At any given time, there are many different projects going on in most organizations — IT is implementing a new collaboration platform, while HR is implementing a new performance management process, while finance is rolling out a new time and expense system…
Each of us has limited change capacity — the level of attention, time, and energy we have available to personally adopt change — which itself is limited by all the other work that’s going on. When all of the competing projects are scheduled without consideration for the people that are impacted simultaneously, it pushes people over capacity and causes major burnout. We need a way to look across projects to see when and how people will be affected.
The tool for measuring and managing change capacity across projects is called a Change Heat Map. The Heat Map is a visual representation of how much different stakeholder groups are impacted by the change. Heat Maps have different levels of complexity and information, depending on how much detail you want to go into. I’ll go into three relatively simple Heat Maps here:
Simple Heat Map
The simplest Change Heat Map shows the intersection of people and projects at a snapshot in time.
Start by listing all the different projects that are happening in the organization. Then list all the stakeholder groups that are involved in or affected by at least one of the projects. Mark an “X” for each of the stakeholder groups impacted by each of the projects.
Of course, your organization’s projects and people’s participation in them changes over time. In the chart above, it looks like Group 4 may be overwhelmed by the number of projects they are involved in. But are they? The next type of Heat Map shows how the projects affect each stakeholder group over time.
Time-Based Heat Map
To show how each group is impacted over time, create a new map for each stakeholder group. Then, copy the project list to the new map, and create a timeline across the top (usually in weeks or months).
Next, mark an “X” for each timeframe the group is impacted by the individual projects.
The time-based Heat Map tells us that, as long as things stay on schedule, Group 4 will not be overwhelmed with all five projects at once. However, they may have some trouble getting everything done March, where four projects overlap.
To see their true capacity, we need to understand the level of impact for each project during March for Group 4.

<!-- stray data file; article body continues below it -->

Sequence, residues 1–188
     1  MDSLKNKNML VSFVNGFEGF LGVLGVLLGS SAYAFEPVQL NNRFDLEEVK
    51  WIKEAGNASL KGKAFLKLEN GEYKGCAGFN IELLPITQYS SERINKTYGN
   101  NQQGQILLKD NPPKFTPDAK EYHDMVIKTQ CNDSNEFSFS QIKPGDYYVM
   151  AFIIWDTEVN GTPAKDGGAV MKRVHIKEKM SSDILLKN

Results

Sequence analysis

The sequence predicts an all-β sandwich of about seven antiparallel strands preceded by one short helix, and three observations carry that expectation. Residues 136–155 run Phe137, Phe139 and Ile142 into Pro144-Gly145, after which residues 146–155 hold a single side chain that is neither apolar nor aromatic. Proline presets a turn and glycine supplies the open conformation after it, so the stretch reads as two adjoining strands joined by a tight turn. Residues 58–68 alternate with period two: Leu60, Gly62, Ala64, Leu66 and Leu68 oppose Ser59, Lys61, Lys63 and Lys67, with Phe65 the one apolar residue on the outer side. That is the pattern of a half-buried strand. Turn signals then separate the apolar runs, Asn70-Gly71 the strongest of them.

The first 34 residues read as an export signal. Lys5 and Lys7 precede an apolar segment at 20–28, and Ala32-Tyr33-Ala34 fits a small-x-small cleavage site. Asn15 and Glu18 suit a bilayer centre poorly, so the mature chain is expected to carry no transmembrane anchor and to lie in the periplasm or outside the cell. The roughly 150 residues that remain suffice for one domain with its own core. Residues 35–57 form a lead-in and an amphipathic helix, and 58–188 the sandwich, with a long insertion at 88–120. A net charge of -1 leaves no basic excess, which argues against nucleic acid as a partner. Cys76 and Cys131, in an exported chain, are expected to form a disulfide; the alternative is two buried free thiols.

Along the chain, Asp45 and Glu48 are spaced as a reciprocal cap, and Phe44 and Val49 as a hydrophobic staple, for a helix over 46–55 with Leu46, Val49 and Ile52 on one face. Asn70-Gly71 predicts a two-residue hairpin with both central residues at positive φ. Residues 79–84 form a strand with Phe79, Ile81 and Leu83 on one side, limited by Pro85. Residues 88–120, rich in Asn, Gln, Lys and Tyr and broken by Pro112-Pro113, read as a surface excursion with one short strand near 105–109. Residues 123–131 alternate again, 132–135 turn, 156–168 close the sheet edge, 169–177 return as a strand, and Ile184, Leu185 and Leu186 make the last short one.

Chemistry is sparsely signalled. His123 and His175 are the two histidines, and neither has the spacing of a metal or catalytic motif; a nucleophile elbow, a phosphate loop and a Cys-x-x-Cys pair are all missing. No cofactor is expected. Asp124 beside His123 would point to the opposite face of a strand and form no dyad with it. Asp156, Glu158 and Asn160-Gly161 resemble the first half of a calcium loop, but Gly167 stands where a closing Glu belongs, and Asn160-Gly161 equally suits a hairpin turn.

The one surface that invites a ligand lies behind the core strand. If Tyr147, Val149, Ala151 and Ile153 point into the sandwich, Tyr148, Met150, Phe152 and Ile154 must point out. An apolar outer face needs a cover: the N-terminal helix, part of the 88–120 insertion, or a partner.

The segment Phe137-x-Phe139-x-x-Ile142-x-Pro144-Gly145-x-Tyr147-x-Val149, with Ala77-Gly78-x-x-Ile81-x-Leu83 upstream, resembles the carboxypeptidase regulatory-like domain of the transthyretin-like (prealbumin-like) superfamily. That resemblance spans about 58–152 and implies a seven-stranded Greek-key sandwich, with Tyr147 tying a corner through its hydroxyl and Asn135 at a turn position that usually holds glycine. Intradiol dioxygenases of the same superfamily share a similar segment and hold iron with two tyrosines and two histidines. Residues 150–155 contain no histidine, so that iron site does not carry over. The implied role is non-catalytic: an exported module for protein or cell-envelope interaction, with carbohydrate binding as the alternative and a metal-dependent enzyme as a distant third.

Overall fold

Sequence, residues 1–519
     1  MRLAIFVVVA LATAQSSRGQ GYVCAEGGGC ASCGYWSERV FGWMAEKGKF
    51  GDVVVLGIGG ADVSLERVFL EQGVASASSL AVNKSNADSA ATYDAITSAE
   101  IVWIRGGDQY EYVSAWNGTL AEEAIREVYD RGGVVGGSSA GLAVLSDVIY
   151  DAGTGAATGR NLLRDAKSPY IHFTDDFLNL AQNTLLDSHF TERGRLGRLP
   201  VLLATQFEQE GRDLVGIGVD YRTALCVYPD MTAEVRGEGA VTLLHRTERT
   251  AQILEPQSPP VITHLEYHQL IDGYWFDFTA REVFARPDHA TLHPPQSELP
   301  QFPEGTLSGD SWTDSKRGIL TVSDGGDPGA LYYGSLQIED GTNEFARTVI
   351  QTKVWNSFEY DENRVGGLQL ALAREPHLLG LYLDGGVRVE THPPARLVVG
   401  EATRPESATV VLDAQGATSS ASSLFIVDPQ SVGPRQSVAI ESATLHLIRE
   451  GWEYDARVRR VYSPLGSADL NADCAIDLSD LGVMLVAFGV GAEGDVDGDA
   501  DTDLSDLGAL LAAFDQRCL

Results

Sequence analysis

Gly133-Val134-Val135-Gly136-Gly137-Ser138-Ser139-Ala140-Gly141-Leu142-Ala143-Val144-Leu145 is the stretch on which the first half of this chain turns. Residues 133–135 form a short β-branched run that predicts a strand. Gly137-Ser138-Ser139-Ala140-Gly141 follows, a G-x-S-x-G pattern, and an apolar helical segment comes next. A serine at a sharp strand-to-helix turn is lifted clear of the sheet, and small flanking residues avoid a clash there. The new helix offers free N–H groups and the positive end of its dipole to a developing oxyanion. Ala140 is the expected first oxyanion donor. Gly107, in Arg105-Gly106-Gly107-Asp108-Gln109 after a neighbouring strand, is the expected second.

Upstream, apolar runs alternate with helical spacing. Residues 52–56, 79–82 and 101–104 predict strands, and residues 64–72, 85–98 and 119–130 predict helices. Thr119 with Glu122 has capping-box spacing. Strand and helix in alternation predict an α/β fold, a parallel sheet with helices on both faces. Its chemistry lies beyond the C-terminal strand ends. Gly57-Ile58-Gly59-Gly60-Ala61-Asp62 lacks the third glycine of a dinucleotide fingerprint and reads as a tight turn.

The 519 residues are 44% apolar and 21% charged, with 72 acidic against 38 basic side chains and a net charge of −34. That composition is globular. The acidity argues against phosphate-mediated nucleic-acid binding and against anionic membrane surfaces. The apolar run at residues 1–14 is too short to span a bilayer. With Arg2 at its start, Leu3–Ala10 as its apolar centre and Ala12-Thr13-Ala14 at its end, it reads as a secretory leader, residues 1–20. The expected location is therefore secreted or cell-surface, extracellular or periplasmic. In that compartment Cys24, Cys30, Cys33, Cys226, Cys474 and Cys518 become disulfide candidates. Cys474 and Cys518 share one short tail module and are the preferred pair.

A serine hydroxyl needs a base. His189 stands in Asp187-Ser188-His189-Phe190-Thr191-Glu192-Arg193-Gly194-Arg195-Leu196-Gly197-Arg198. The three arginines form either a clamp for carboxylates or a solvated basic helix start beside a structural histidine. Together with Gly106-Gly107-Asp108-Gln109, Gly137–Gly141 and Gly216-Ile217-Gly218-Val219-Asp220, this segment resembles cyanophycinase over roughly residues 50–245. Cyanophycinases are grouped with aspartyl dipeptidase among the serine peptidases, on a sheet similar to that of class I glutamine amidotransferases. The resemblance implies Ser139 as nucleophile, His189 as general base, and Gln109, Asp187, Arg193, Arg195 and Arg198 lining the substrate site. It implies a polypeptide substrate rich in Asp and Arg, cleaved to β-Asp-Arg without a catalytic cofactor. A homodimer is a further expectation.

Impact-Based Heat Map
How much change people can adopt at once depends on the level of attention, time, and energy required at any given time. For example, when we’re building awareness, the change does not take a lot of time and energy. When people are learning how to use a new system, it takes more. And if people need to get involved in the design and implementation, it may take even more.
There are many ways you can measure impact, for example:
- The amount of time it will take away from day-to-day activities
- The level of resistance expected
- The amount of disruption the change will cause
- How different the new way of working is from the current way.
Let’s group projects by low, medium, and high impact:
- Low impact: This may be a project that is a small change for this group, for a task they do that is not a big part of their job. Or, it may be a phase of a larger project that has minimal impact, such as building awareness, or taking surveys. Expect minimal resistance.
- Medium impact: A project with medium impact may be a small change that affects a regular part of someone’s job. Or, it may be a phase of a larger project that has moderate disruption to normal activities, such as learning. Expect some resistance.
- High impact: A project with high impact may fundamentally change the way work is done for this group. During the design and implementation phases of a large project, it will require much time and energy. Expect more disruption and resistance.
You can then color-code the levels of impact on the Heat Map over time for each stakeholder group. In the example below, red is high impact, orange is medium impact, and yellow is low impact. Keep in mind, the same project may have different impact levels for different groups. For example, a new payroll system may be high impact for Human Resources, medium impact for people managers, and low impact for everyone else.
As you can see in the chart above, March has a lot of projects, but they are all low impact. A bigger issue may be May, where there are two high impact projects being implemented at the same time.
Once you’ve identified time periods where capacity for change will be strained, you have three options:
- Change the schedule so all the change doesn’t happen at once.
- Add resources to accommodate the extra work and cognitive load.
- Expect a breakdown in performance and morale.
If people in your organization are feeling overwhelmed by everything that is going on, take the time to create a Change Heat Map to understand where capacity may be stretched. And if there are many projects on the horizon, complete the Heat Map in advance to best plan the implementations. Use the Heat Map to start conversations about the best use of resources during change.
How have you used Change Heat Maps to manage a portfolio of projects? Please share in the comments below.